Talking with a therapist is another way to address spiritual needs. Having cancer may lead people to explore cognitive behavioral therapy with a counselor available through the cancer treatment center or the patient’s workplace. Spiritual care for cancer may also include meditation or mindfulness-based stress-reduction techniques. Art and music therapy are other helpful therapeutic tools.
The Inova Life with Cancer Center, where Dr. Wadlow practices, has courses in mindfulness and related practices and is even beginning to require that physicians and other providers taking advanced specialty training to participate in the courses. Many cancer centers have similar programs, and training providers to participate is becoming more common.
How chaplains can help
A chaplain is a trained spiritual leader who works at a hospital or for another organization such as a branch of the military service. Most service members are familiar with chaplains, who may come from any faith and are generally trained to help people of all faiths or none.
Your hospital or cancer center may have a chaplain who can support you. They can:
- Read spiritual material to you.
- Talk with you about your concerns and about making healthcare decisions.
- Help family members with spiritual needs.
- Support members of the health-care team and providers at the hospital or clinic.
- Help you, your family, and your health-care team communicate with each other. 9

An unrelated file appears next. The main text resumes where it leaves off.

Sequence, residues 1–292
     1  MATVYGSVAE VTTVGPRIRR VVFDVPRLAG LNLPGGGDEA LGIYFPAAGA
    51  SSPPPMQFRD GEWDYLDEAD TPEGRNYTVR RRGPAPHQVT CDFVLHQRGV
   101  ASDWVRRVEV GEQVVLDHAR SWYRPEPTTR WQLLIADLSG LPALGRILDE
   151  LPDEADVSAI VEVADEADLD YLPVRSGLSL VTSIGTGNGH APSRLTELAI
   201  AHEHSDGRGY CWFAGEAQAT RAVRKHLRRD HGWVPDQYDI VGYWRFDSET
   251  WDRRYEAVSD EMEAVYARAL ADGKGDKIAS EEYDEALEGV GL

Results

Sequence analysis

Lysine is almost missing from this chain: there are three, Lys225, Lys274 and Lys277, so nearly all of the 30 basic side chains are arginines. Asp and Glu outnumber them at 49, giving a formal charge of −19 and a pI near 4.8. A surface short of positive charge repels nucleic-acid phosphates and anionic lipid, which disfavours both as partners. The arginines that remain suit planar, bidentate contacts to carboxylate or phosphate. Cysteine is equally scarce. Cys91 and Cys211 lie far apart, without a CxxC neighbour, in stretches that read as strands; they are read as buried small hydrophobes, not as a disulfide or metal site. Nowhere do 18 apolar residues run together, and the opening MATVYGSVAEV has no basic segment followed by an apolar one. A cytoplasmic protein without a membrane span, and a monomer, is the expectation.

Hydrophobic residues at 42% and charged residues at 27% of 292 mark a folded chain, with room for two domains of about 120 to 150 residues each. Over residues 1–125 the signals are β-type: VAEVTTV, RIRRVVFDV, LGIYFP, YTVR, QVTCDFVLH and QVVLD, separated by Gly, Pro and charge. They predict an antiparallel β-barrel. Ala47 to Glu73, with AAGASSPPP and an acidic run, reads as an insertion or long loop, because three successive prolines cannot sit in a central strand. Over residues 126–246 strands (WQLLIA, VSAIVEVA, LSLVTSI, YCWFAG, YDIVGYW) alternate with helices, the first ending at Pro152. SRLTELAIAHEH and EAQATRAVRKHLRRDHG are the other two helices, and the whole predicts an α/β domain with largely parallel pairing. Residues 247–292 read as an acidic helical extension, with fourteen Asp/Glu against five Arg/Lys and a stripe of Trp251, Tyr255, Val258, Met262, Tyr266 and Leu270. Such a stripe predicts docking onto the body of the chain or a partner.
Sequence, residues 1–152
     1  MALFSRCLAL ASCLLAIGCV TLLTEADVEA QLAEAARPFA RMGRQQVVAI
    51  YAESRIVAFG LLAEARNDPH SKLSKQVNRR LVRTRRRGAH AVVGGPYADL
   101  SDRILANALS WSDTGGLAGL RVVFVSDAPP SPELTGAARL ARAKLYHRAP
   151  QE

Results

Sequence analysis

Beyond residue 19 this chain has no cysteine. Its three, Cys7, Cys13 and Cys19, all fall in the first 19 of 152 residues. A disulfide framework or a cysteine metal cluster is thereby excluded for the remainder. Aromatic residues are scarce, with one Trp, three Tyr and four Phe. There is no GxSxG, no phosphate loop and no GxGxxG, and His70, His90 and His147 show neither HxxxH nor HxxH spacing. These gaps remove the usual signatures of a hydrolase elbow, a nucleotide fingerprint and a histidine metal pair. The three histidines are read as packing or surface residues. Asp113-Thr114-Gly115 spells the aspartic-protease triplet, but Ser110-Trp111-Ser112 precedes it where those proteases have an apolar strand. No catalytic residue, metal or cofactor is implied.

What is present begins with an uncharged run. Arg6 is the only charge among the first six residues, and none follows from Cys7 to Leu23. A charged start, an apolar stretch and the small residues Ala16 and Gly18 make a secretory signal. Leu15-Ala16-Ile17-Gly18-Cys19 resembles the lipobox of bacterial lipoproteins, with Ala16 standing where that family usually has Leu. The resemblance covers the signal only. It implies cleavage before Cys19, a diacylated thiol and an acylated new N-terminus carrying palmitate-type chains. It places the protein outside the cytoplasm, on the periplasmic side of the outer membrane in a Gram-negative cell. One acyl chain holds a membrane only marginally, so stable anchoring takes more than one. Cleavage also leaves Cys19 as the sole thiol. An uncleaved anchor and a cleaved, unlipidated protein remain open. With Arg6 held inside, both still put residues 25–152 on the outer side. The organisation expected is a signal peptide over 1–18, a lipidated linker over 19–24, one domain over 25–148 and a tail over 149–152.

Spiritual care beyond the hospital
Chaplains are generally available in the hospital. For support when you (or your loved ones) are at home, you may want to contact your spiritual community, even if you have not been active recently or ever. You may feel awkward at first, but nearly every organization will welcome a request to talk about essential life questions or provide help.
A hospital chaplain can also help you connect with a local organization for spiritual care, including organizations for those with no specific religious faith such as the American Humanist Association.
Here are some ways to ask for spiritual support:
- I have cancer, and I’d like to talk to someone.
- My family is looking for a supportive community during cancer care.
- We used to attend [church, temple, mosque, dojo]. We’d like to get involved again, especially since [I, a family member, my partner] am/is having cancer treatment.
- I would like to be added to a prayer group.
Other health-care team members who can connect you with a spiritual or religious organization include social workers, nurses, and therapists.
Tips for finding spiritual care
Based on his experience caring for people with cancer, Dr. Wadlow suggests:
- Being open to exploring your questions about faith and spirituality.
- Recognizing that taking care of your spiritual side can help you heal as a whole person, whether the cancer is cured or not.
- Introducing your physician and other team members to your spiritual leaders or mentors if they visit or are involved in your care.
- Knowing that you can still discuss fears, worries, and questions of meaning and purpose if you do not have a spiritual bent or aren’t religious. You may find hope or peace in nature, movement, meditation, art, or a support group.